Coleus is considered the “comeback kid” or more accurately, the comeback garden plant. When I was growing up, it was a popular plant but then you did not hear much about coleus for a long time. Today, it is almost a different plant.
Coleus plants can have brilliantly painted edges or be splashed and spotted with color. There are solid colors and others that have margins and veins of color. I have seen lovely chartreuse colored leaves with ruffled edges, and others with patterns of orange, yellow, pink and green. There also are varieties that have deeper shades of purple, burgundy and red.
It used to be that coleus was only for shade gardens but today you can fine “sun coleus” which will tolerate more sun than ever before. The dark colors take more sun and the light colors will do best in a little shade to minimize leaf scorch. Morning sun and afternoon shade is a great combination but do not give them too much shade or the stems will become weak and the plant less vigorous.
Coleus is a great plant for containers. The eye-popping colors will get your attention from the time it is planted until frost. With the scalloped, frilly or tiny leaved plants, it will make any pot a showstopper.
Coleus are not just the filler in a container. There are varieties of coleus that can be the spiller, having a more horizontal branching habit, which will spill over the sides of planters, or hanging baskets. You can also find some varieties of coleus that grow taller and will become that thriller of a plant when you need height.
Paring coleus with other plants is one of the beauties that make coleus such a great plant to add to your border. Study the colors you presently have and then chose the coleus that contains some of those same colors, making your garden blend together and give it a finished look. I have seen many displays of coleus, often being one particular variety. If you choose to do just this, remember the darker colors will take more sun and you can fill a bed with these dramatic darker leaves.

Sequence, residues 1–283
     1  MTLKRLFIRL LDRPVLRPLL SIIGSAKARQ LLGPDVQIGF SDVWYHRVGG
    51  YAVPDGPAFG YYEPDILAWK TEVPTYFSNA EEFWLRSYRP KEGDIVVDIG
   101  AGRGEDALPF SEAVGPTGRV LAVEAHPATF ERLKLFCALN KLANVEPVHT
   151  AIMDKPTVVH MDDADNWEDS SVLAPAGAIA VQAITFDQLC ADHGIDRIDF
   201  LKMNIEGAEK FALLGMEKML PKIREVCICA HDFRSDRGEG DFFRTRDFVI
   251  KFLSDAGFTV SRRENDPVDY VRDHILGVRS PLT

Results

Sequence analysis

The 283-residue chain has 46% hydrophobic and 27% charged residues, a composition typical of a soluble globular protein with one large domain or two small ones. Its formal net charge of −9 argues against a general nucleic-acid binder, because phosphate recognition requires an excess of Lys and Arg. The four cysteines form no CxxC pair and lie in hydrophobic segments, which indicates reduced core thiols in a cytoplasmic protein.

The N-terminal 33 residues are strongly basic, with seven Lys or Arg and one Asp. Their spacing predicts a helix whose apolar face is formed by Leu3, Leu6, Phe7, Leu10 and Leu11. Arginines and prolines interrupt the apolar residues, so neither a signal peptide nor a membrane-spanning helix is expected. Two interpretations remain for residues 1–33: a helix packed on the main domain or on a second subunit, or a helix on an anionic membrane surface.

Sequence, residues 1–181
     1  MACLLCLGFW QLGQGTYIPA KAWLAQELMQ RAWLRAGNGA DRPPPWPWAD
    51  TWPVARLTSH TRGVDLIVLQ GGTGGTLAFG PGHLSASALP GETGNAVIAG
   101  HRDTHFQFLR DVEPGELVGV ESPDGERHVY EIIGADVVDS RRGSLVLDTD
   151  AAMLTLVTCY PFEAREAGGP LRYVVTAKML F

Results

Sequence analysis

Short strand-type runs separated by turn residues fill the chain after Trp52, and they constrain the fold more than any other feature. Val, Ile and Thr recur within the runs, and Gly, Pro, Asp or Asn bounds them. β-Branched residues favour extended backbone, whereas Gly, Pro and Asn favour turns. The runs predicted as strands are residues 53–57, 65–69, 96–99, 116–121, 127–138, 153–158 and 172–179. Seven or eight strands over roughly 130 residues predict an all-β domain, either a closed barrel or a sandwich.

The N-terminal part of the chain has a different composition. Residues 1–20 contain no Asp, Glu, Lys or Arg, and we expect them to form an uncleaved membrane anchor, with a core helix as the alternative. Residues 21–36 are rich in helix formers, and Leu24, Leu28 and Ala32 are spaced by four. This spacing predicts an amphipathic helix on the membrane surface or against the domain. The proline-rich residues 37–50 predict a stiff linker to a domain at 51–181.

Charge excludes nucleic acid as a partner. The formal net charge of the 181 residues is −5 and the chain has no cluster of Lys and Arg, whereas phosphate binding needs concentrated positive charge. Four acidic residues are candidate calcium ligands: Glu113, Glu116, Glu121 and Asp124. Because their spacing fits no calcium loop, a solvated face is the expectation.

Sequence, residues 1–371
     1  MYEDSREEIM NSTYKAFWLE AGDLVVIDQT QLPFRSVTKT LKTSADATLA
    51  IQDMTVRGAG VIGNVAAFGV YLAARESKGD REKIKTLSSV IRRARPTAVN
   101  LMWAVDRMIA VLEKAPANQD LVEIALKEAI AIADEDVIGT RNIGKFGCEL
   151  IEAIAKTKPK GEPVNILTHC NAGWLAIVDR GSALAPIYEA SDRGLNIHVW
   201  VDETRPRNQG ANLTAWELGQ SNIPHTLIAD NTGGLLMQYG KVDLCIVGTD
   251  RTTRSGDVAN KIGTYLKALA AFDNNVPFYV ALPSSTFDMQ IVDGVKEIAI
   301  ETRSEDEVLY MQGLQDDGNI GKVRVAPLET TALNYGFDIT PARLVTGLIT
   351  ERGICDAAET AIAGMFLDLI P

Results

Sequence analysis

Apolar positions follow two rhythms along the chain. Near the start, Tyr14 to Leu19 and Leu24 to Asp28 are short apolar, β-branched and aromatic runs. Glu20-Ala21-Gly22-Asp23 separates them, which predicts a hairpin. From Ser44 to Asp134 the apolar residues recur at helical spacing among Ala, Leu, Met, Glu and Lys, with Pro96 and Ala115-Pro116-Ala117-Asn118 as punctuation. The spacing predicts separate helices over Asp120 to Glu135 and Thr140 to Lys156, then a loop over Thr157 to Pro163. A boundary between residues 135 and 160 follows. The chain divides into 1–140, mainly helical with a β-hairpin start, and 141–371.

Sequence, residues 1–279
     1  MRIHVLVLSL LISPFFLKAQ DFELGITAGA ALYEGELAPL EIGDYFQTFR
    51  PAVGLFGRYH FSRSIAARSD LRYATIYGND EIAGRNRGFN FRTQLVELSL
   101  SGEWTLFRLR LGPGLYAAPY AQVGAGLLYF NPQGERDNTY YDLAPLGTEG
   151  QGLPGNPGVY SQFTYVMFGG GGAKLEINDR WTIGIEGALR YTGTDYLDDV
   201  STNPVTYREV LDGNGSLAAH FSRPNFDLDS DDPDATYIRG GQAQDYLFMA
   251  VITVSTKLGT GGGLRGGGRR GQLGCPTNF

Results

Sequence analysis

There are many named varieties available today. Visit your garden centers and see for yourself what wonderful plants they have to offer. You might be amazed like I have been these past few years of the progress that has been made.
Coleus can be raised from seed that you start about eight weeks before the last frost. The seeds are tiny so do not cover the seeds, just sow them on the surface of a good mixture of potting soil. Plants can also be wintered over as houseplants or do as my third-grade teacher used to do and put nice size pieces in a couple of jars of water on a window sill. Roots would develop fairly quickly. Miss Lackey, the teacher, would let students have the job of adding water to the jar each week to keep the plants alive until the following spring. Then as the weather grew warm, she would plant them in her front yard and have coleus along her walkway.
To keep plants nice and bushy, pinch back the tips of the leaves to encourage branching. To pinch back a plant is to remove the tip of each branch. If you take off too much, take the piece and put it in the moist soil in the shade and it will take root and give you another plant. The trailing stems of coleus will root where they touch the ground. It is one of the easiest plants to root that I have ever grown.
I cannot say enough good things about these wonderful newer varieties of coleus. With the kaleidoscope of colors available today, there is a coleus that will be just right to tie your garden together. They are really worth planting and enjoying in your garden from late spring until the first freeze comes along. I hope you find these lovely leaves as exciting as I do. Happy Gardening!
— Betty Montgomery, a master gardener and author of a “Four Season Southern Garden,” can be reached at firstname.lastname@example.org.